• Focus your resources on the most important categories.

  • Appoint a sole champion of the program.

Monitor Results

  • Communicate regularly internally and externally.

  • Make results visible.

  • Make adjustment as necessary based on results.

How Can a Distributor Impact Strategic Sourcing?

As noted in the PCI article, Distributors Play a Critical Role in the Supply Chain, from the September 2008 issue, distributors provide value to customers in the following areas:

  • Quicker order processing;

  • Flexible payment terms;

  • Global sourcing;

  • Product bundling; and

  • Close relationships.

Specifically relating to the strategic sourcing process, a few key components that may help achieve your objectives are global sourcing with full transparency of the supply chain, and product bundling.

Global Sourcing

Figure 1 Click to enlarge

Having access to raw materials globally and a fundamental understanding of the key stakeholders in your supply chain will not only allow you to better understand the complexity of your supply chain, but will also increase your awareness of the important raw material price drivers. Distributors oftentimes do not want to disclose where they source products, as they are afraid that customers will begin to purchase directly, and ultimately cut out the distributor. With regard to specialty chemicals, we have found that this approach is short sighted and ultimately hampers our ability to cost effectively meet our customers’ requirements. A distributor relationship based on transparency, where our customer knows the manufacturer, has the ability to audit their facilities, understands the production capacities, sees where key intermediates are sourced, etc., is one that allows the three parties to work collaboratively to meet each other’s objectives. The relationship has to be a win – win – win for this to be a long-term success, and is not something that can be developed overnight (Figure 1).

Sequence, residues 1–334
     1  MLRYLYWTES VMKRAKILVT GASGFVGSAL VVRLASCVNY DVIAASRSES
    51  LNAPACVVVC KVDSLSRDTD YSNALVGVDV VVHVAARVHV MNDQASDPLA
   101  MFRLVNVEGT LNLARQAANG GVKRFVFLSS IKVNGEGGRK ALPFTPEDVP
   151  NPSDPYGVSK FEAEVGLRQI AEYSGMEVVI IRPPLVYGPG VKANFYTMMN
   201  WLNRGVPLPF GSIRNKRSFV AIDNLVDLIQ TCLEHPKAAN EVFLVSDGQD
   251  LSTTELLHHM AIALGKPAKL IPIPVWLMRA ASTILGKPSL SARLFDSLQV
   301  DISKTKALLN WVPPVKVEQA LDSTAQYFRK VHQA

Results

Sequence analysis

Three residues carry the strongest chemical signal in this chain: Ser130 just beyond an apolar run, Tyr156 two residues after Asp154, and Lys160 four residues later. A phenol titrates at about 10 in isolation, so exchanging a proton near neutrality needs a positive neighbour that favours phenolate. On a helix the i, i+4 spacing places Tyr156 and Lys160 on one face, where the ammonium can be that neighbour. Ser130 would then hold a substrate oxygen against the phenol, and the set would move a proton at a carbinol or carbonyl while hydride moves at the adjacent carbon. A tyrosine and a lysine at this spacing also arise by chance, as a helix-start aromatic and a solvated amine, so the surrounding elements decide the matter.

From a manufacturer’s standpoint, this type of relationship is beneficial, as they have an avenue for unfiltered market knowledge by having direct access to the customers’ technical, purchasing, operations and management staffs. Some tangible results for a customer are that they will form closer professional relationships with the manufacturer, which may provide access to new product launches sooner, and may increase the likelihood of obtaining product in times of shortage.

Product Bundling
As part of the vendor management stage of strategic sourcing, having a strong relationship with regional distributors may allow you to reduce your overall number of suppliers. Distributors typically offer a wide range of complementary products, which allows customers to buy several items while reducing logistics and administrative costs.

Furthermore, with a smaller number of suppliers, you will have time to focus on those partners that will assist in achieving your goals. You will be able to invest the time and energy in furthering the relationship and better understanding their operation, strategies and objectives.


A fundamentally sound strategic sourcing strategy will be a differentiating factor for your business and will assist in achieving your corporate goals. By implementing the process, you will uncover opportunities for improvement, identify risk and gain a better understanding of your key suppliers. This process is not one that should be conceived as a one-time occurrence but rather one that develops into the foundation of your supply chain management.